Opinion: Riding outside is all right, within reason

Getting fresh air on two wheels is still allowed, for now, but it does look different

April 12th, 2020 by | Posted in Feature | Tags: , , ,

Stay home as much as possible. Stay safe. Get outside for fresh air and exercise. The government recommendations are important to flattening the curve of COVID-19, but finding the balance between them can be confusing as an individual.

Some countries, like France, have imposed strict limitations on personal movement. Canada has left us with the responsibility to decide for ourselves how we get fresh air and what the limits are on exercise. Canadians cyclists looking to get outside after a long winter on the trainer must now figure out what is healthy and responsible.

This five part COVID-19 ride guide will attempt to give you all the information currently available so you can make an informed decision on the riding during the pandemic.

Canada is a big country, and regulations differ from province to province. This is also a rapidly changing situation. All the information presented is current as of publishing date.

Part 1) Seriously, stop group riding
Part 2) Opinion: For now, I’m happier riding indoors
Part 3) Be Kind: Community and respect in a rapidly changing environment
Part 4) Opinion: Why its ok to ride outside, within limits
Part 5) FAQ for cyclists during COVID-19

Riding outside is still allowed. For now.

Initially, I was on board with writing the pro-riding opinion piece for this COVID ride guide. But I have to admit that over the last four or five days, my opinion has changed. Or at least, the conditions for safe riding have narrowed significantly. Which is really unfortunate, because I think a large part of that narrowing is due to people’s behaviour.

Some Qualifiers: Still riding outside, but …

If we want to continue riding outside, we have to do so responsibly.

It’s not just group riding, which it has been said many times already but apparently needs to be said again, should not be happening. At all.

It’s gathering at crowded trailheads. It’s riding popular routes, passing too close to people or choosing the onset of a pandemic to do your epic 5-hour training camp.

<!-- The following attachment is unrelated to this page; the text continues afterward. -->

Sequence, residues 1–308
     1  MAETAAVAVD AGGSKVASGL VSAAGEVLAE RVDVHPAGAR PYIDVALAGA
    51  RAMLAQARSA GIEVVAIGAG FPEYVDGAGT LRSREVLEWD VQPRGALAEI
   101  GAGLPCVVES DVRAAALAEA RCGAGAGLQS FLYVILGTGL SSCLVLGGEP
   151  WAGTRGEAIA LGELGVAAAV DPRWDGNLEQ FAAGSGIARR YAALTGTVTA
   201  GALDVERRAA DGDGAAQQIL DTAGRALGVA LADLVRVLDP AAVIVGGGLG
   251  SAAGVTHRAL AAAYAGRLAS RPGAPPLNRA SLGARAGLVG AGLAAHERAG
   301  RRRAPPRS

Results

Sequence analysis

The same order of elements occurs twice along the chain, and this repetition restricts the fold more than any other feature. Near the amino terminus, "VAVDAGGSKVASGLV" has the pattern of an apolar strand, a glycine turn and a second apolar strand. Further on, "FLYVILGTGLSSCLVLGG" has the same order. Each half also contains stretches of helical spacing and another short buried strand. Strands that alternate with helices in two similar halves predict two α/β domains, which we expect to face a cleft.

And it’s not just people that are unaware. There have been repeated calls to stop this behaviour. There have been waves of parks closures across the country, with clear explanations that the parks and trails were closed because users were not respecting social distancing. Yet parking lots are still crowded, to overflowing.

Riding, but not as usual

I think it is still possible to safely continue riding outside, if we act appropriately.

I am still riding outside, but not in the same way. My rides are shorter, much less frequent than usual and they have a different purpose than they used to. They are no longer workouts or adventures and I am not pushing myself to ride on the edge, in any way. I am taking routes that avoid crowds and leaving space for others. I am not driving to ride, and I am riding at times of the day when I know there will be fewer people outside because I can do that. I recognize not everyone has that flexibility, of course.

I am riding to get fresh air, and clear my head. Bikes helps me do both. An easy hour on the bike helps me feel normal and preserves a part of my daily routine, even if I only get out once or twice a week now.

I don’t have an indoor trainer, and my ability to jog is quite limited. I have started doing workouts at home, to make it easier to ride less. Being in a location where I can easily avoid crowds while getting out of the house is not something common to every Canadian, and I count myself lucky on that front.

I also recognize that this could change at any moment. If the situation with coronavirus changes or if government recommendations change or even if I no longer feel comfortable with riding, I will stop. Riding for enjoyment is not the only way to get fresh air and exercise, and I will adapt. But, so long as I feel safe doing easy rides and am allowed to do so, I will enjoy this small version of routine.